Bloemfontein Golf Club professional Andre van Zyl knew the best strategy for taking on his home course and its neighbour, Schoeman Park Golf Club, which hosted the second round of Sunshine Tour Qualifying School on Wednesday.
ÂSchoeman Park is there for the taking, you can attack all of the flags because the greens are soft and receptive. At Bloemfontein you have to be careful. The par-threes are much tougher and you have to just hit it middle green and take par, although the par-fives are scoring holes. But I would attack Schoeman Park far more than Bloemfontein,Â he said.
Van Zyl was correct – amateurs Francois Coetzee and Lean Boezaart both played aggressive golf and tore around Schoeman Park in 65 strokes.
Coetzee made eight birdies during the day, five of which came on the front nine, and dropped a lone shot at the 17th to card seven-under for the round. “I’m going to try and win this. I don’t want to fool around with par – I’m just going to keep at it the way I have been doing,” he said.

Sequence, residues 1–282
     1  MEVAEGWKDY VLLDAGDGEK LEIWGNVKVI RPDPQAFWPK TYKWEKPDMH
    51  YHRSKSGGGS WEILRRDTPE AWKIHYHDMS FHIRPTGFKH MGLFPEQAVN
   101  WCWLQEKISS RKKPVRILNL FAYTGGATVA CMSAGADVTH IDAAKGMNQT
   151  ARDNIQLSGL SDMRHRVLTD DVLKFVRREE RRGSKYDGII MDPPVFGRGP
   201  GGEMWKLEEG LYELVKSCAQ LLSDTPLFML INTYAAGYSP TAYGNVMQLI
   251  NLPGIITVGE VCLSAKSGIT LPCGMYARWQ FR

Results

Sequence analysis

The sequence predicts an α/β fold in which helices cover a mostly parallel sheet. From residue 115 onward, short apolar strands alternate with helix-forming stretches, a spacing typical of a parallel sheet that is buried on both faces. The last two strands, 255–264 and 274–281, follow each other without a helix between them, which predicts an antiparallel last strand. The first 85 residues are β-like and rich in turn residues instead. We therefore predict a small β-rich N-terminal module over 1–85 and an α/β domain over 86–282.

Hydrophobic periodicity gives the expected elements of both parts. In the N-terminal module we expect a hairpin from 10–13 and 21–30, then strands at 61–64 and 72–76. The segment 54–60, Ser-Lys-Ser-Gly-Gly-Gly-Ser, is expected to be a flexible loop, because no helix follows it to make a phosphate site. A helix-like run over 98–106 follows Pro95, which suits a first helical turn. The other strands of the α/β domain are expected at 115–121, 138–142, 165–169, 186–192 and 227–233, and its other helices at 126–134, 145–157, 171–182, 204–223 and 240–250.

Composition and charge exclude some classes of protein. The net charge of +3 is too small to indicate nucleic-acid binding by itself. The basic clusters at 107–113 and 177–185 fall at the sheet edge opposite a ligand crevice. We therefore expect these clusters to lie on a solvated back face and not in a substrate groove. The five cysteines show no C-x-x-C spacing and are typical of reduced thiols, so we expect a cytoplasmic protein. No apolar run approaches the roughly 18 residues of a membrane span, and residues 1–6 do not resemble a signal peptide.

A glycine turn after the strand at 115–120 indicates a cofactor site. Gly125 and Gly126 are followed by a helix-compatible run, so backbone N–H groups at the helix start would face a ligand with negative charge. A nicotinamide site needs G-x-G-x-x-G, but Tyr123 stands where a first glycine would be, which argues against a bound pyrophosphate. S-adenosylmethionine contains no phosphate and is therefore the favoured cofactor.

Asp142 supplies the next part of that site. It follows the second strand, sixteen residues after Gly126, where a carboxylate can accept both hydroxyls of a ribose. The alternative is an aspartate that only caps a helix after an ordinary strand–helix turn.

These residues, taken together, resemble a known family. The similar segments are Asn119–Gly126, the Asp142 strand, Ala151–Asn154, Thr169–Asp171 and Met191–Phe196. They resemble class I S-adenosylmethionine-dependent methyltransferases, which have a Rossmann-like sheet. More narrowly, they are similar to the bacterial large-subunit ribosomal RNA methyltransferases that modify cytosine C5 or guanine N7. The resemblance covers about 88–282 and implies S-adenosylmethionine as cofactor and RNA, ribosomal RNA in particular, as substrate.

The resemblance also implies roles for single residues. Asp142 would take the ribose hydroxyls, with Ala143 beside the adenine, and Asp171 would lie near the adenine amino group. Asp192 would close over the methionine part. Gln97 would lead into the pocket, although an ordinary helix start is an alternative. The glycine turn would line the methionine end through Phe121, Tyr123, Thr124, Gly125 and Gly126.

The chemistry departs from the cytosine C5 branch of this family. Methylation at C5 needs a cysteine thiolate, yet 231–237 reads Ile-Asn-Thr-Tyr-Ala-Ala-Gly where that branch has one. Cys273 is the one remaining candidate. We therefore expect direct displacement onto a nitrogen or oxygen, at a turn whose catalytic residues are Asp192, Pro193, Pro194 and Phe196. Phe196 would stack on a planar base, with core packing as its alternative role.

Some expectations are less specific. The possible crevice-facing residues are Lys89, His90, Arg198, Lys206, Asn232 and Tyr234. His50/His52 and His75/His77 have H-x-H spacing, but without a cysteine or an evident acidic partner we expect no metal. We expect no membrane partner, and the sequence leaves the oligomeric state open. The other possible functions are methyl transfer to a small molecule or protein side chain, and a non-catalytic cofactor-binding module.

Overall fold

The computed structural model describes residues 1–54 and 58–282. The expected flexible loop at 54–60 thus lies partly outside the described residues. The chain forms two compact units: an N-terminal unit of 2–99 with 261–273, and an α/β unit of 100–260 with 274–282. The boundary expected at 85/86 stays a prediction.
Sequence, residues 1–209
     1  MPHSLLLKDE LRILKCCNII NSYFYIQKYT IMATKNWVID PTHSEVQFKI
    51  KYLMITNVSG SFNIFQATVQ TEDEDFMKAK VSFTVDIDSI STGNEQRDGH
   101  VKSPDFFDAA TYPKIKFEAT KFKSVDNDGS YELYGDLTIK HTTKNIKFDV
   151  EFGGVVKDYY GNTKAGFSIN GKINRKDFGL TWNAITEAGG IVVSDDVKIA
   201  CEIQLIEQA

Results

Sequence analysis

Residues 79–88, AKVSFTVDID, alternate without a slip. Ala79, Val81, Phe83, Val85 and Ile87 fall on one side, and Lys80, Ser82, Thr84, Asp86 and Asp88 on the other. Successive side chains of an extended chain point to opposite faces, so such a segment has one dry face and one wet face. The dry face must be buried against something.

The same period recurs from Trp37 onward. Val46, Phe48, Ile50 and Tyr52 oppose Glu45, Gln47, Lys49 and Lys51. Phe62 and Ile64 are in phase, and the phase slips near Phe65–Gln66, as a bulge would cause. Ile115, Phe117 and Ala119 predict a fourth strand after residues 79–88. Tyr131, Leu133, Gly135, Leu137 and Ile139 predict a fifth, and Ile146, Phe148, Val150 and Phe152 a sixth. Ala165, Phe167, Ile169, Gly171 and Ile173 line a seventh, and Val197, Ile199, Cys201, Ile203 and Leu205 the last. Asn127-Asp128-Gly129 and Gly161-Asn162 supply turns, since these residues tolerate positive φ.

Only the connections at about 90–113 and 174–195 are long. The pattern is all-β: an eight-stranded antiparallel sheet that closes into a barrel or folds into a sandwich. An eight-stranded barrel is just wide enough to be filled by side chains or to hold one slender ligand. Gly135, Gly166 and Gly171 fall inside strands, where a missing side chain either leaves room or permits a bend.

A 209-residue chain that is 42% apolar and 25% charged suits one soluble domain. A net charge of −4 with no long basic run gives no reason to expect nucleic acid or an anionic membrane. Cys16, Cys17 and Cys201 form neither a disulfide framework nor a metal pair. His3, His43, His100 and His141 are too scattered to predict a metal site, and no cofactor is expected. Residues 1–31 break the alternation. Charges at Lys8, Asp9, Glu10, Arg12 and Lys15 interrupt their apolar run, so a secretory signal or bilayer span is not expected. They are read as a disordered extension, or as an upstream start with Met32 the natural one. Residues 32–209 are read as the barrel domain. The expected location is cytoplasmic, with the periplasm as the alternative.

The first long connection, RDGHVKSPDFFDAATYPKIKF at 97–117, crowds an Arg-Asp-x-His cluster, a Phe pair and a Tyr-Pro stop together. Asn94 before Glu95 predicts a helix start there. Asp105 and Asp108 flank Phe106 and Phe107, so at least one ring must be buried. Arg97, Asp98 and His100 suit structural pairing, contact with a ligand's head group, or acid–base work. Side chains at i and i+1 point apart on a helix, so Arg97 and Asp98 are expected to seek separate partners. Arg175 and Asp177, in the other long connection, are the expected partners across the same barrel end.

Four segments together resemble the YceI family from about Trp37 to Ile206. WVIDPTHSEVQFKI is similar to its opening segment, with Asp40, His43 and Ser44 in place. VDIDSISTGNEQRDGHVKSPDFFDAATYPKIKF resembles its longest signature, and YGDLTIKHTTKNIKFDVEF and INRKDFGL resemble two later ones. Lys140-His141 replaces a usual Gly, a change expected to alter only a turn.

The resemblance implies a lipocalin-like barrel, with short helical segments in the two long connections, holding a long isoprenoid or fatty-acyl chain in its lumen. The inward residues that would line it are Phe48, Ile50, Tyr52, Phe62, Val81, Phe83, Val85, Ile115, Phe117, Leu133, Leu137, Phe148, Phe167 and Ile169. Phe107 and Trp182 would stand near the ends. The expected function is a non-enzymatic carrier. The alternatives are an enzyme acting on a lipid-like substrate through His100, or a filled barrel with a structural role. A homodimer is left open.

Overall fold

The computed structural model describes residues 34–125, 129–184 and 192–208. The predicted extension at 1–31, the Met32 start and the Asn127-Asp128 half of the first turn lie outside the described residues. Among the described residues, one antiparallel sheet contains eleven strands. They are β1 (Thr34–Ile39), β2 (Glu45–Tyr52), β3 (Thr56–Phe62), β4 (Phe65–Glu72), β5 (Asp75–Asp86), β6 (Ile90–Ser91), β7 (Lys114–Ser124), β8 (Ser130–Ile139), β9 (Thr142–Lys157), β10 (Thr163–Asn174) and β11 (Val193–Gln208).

The score boosted him to eight-under for the tournament and he took the early lead after 36 holes, two strokes clear of Francois Haughton, who shot five-under at Bloemfontein to close the morning in second place.
Boezaart dropped at the 2nd and 10th, but neither bogey would disrupt his charge: he made nine birdies during the day and rocketed up from tied 97th and into an early share of third. “It’s a solid start. The trick here is to take every hole as it comes and stay in the present. There’s a lot of stress, but you just have to push on,” he said.
Jean Fourie made his first-ever hole in one at Bloemfontein’s 16th. He took a solid nine-iron into the 169-metre par-three and the ball pitched a metre short of the flag, bounced once and dropped. “I thought it was going to be close, but when it went I danced on the tee box. That was really fantastic!”
Andre van Zyl had a tough start and went to three-over after four, but changed to a more aggressive strategy and was rewarded with birdies at the 1st, 5th and 9th before signing for 73.
He may not have implemented it correctly, but van ZylÂs strategy rang true at Schoeman Park – aggression was the trick to going low.